Skip to Main Content
Skip Nav Destination

Chapter 3 shows that, with decolonization, many Ngarans stopped traveling to Uganda for work and engaged in self-help projects and village development. This participation indicates a local awareness of and enthusiasm for the rhetoric of nation building espoused by the new central government. However, much of this development work existed only on paper and in the promises of the new government and went largely unfulfilled. People in Ngara often engaged in development projects, such as coffee and tobacco farming, only to find their efforts thwarted by cumbersome and paternalistic bureaucracies. The gap between local needs and state programs and promises led to Ngarans' refusal to conform to the flawed plans of both the colonial and postcolonial governments. Ngarans then sought regional alternatives to the failed marketing and export programs of their new state, as they had before and would again.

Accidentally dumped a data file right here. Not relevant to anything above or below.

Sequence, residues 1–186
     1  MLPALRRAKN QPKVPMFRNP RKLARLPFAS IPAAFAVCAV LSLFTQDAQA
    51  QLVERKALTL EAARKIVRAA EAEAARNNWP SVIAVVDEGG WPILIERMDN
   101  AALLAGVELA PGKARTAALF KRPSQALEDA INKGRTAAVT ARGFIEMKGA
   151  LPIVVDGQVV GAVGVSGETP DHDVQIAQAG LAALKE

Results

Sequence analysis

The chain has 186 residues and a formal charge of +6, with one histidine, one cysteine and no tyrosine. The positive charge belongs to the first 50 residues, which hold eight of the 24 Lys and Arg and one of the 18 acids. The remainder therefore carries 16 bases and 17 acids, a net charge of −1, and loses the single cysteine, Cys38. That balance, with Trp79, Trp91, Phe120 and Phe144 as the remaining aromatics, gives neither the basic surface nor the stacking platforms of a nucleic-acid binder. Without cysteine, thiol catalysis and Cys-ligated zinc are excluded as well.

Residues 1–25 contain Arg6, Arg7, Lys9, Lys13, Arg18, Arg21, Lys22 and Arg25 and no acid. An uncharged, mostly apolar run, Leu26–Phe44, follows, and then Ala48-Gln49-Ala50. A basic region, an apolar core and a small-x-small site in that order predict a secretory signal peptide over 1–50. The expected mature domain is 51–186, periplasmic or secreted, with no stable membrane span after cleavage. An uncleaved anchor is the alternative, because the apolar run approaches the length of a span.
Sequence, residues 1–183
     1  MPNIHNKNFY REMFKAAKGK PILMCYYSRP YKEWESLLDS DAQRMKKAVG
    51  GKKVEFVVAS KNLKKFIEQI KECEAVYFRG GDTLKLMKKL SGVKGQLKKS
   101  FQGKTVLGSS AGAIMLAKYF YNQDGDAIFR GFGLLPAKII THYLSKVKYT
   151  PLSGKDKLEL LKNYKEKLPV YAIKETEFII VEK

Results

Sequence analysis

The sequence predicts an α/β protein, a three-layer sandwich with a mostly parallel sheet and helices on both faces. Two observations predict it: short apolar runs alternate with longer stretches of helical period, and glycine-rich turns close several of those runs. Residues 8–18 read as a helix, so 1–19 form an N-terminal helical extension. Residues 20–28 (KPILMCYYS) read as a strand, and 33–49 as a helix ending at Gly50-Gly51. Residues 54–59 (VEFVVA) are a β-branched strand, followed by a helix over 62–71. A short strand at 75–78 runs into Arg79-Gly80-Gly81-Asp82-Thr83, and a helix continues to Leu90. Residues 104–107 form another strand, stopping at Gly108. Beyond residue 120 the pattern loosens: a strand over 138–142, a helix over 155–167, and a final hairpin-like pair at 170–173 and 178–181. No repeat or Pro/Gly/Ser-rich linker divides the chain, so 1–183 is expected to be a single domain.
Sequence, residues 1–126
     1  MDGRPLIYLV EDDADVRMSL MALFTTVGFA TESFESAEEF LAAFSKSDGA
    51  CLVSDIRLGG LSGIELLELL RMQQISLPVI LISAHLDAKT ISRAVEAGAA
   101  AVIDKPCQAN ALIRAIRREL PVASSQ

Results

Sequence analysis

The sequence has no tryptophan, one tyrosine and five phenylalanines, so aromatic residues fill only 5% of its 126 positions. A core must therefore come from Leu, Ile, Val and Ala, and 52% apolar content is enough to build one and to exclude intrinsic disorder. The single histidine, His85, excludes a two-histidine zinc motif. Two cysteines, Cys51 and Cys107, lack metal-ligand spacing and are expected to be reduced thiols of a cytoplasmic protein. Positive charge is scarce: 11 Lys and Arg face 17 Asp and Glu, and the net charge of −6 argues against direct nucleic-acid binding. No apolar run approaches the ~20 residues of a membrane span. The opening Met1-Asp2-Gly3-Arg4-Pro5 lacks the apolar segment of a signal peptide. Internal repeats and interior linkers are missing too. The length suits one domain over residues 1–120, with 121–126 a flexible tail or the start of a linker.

This content is only available as PDF.
You do not currently have access to this chapter.
Don't already have an account? Register
Close Modal

or Create an Account

Close Modal
Close Modal